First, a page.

Richard Biever, the Producing Artistic Director of Fuse Productions in State College, has spent his life creating theater as an actor, director, composer/lyricist and music director.
Biever is the former executive/artistic director of The State Theatre, where he founded Fuse Productions in July 2013. Now, Fuse productions is an independent theater company that brings together local actors, Penn State alumni, current students, faculty and professional actors from around the country. Fuse has produced contemporary plays like “4,000 Miles” and groundbreaking musicals like “A Chorus Line,” “Parade” and “Les Miserables,” bringing some of the finest theater in the area to audiences.
Biever recently spoke about his career, past and upcoming Fuse productions and his goals for the company’s future.
Q: What’s the first thing you do when you get up in the morning?
Never miss a local story.
A: Put on the coffee, check email and social media. I spend the most time on Facebook because I enjoy all the conversations going on. I also use Facebook as the primary marketing tool for Fuse.
Q: What is a normal work day for you?
A: Lots of producing-type stuff: Reading scripts for future shows, tending to upcoming shows, which includes rehearsal schedules, costume rentals, set building schedules and purchasing materials, working with our development director on fundraising, setting up auditions, hiring musicians, licensing shows and much more.
Q: What were your childhood ambitions?
A: From the age of 8 I wanted to be an actor and pursued that to acting school in New York, right out of high school. But I was a singer and a pianist, so I ended up playing for a lot of shows and was encouraged to consider musical direction, which I did. But I was always interested in the bigger picture of the shows I worked on. I asked myself, “Why did the director make that choice?” Or, “Why did they stage it that way?” Which meant I was thinking like a director. So, I applied to the MFA Directing program at PSU in 2007, and that’s what I’ve been doing ever since. But I always wanted to be in the theater.
Q: What do you like to do in your spare time?
A: I’m a voracious reader and a political junkie, so I have a ton of books I’m reading and I watch/listen to a lot of political shows. Some of my current books are research for directing one of our upcoming shows, “Assassins,” so I’m reading up on several of the people that killed or tried to kill a U.S. president. I also read a lot of scripts and just read two absolutely terrific plays: “Disgraced,” which is about an American Muslim struggling with his identity, and “The Christians,” which is about a pastor of a megachurch who announces to his congregation that they are no longer going to believe in a literal hell. Both plays are incredibly current, thought-provoking and exciting. As for political shows, I like “The Young Turks” on YouTube and Chris Hayes on MSNBC.
Q: What is your favorite play or musical of all time and why?
A: My favorite play of all time is “All My Sons” by Arthur Miller. It’s constructed like a Greek tragedy about a good man who does something awful and isn’t able to admit it. That act has terrible consequences for his family and his community. My favorite musical is “Sunday in the Park with George” by Stephen Sondheim and James Lapine. It’s about the importance of creating art and the continuity of family. Seeing the Broadway production was the most moving experience I’ve had in the theater. I was lucky enough to direct it as my thesis project.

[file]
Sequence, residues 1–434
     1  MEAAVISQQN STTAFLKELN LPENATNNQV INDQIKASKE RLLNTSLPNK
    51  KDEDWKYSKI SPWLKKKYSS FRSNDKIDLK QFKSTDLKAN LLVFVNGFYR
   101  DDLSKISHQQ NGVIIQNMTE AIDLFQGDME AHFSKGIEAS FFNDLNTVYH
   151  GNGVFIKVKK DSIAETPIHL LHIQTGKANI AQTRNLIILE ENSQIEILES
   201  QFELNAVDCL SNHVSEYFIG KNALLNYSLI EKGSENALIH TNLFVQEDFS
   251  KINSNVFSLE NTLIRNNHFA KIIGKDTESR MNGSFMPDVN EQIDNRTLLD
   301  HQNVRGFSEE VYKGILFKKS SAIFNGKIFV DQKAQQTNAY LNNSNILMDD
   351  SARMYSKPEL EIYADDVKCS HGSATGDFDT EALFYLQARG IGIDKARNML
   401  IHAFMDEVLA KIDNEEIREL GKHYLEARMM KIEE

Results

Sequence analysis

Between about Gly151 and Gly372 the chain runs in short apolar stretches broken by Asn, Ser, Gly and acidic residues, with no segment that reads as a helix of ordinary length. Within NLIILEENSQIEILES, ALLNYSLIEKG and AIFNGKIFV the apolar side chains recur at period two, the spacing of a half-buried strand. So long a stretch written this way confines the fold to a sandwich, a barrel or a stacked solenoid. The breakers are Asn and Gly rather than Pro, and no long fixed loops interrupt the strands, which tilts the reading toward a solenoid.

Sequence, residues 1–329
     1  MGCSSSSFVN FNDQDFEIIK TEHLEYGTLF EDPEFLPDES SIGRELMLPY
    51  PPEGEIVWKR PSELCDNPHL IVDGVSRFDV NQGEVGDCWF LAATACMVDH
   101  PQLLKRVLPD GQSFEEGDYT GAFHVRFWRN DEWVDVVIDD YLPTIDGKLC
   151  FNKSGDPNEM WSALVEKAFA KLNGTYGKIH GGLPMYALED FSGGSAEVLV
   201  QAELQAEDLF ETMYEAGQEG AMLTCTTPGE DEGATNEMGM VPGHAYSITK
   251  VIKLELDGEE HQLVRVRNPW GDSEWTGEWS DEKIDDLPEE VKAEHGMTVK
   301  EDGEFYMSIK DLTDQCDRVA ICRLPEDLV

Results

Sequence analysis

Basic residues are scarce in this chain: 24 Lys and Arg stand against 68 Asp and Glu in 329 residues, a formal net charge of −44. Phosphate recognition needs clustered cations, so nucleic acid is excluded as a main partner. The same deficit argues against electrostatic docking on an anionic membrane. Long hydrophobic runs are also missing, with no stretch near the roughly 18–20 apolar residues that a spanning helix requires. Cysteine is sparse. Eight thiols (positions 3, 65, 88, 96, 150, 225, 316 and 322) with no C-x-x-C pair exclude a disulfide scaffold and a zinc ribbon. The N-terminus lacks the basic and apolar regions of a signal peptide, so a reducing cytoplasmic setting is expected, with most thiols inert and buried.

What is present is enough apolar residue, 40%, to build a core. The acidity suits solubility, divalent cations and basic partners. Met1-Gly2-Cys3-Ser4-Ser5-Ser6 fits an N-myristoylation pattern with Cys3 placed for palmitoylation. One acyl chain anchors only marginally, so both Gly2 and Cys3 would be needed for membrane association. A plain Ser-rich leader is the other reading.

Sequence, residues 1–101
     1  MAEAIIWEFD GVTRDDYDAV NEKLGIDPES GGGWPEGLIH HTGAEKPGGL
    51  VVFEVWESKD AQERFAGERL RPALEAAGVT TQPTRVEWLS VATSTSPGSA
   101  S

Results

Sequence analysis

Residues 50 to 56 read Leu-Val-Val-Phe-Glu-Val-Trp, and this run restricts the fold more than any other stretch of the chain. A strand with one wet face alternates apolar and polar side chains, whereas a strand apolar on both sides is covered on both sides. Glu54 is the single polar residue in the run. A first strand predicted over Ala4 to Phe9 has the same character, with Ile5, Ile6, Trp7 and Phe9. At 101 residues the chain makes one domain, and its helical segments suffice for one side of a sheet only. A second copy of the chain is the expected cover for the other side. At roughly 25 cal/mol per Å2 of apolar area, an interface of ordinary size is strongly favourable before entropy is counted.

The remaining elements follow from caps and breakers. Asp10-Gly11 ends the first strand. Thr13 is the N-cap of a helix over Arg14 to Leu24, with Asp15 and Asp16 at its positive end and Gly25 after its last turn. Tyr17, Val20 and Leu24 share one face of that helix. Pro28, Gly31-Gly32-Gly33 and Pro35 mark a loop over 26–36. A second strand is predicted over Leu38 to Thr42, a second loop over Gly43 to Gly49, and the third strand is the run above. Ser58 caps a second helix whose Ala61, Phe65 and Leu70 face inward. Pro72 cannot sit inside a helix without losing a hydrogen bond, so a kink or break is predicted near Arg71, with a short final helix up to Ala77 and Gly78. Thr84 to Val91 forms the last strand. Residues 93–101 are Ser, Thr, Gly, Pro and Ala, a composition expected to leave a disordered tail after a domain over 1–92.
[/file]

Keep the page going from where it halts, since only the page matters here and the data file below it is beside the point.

Q: Is there a new play or musical that you haven’t done that you would like to direct?
A: Many! For instance, this season I’m directing two musicals I’ve always wanted to do: “Assassins” and “My Fair Lady.” On my wish list is Sondheim’s “Follies.”
Q: Who or what has been your biggest inspiration?
A: No question about it: Stephen Sondheim. He is the artist who has influenced me the most in terms of my taste and understanding of what theater can be. Next is the director Harold Prince, who directed all of the Sondheim musicals of the 1970s and early ’80s, as well as “Evita” and “Phantom of the Opera.”
Q: What has been the proudest moment of your career?
A: Starting Fuse Productions as an independent company. Stepping out on my own was a big deal. Artistically, I’m proudest of our production of “Parade,” which was a big risk for Fuse. It is not a well-known show outside of the theatrical community, so from a ticket-sales point of view, it could have been a disaster ... The show brought out my finest work as a director, we had an incredible cast and production team and we sold out three of four performances. We all felt it was a very special experience.
Q: Is there anything extra special coming for Fuse Productions’ 2015-16 season that people should know about?
A: Well, I think each and every show, play reading and cabaret are special and are wonderful experiences. I’m particularly excited about our collaborations with Penn State: “Forum” will be directed by MFA candidate Emmy Frank, and School of Theatre director Dan Carter is directing “Seminar.” I’m so pleased that we are producing “Assassins,” as the debate over gun control reaches a fever pitch. And I’m excited to bring the recent Pulitzer Prize-winning play “Disgraced” to State College in March as part of our Contemporary Play Reading Series.
Q: What are your personal and professional goals for the future?
A: I’d like to see Fuse grow and flourish as a top-notch professional theater and eventually start producing more new works that might go on to future productions in New York City.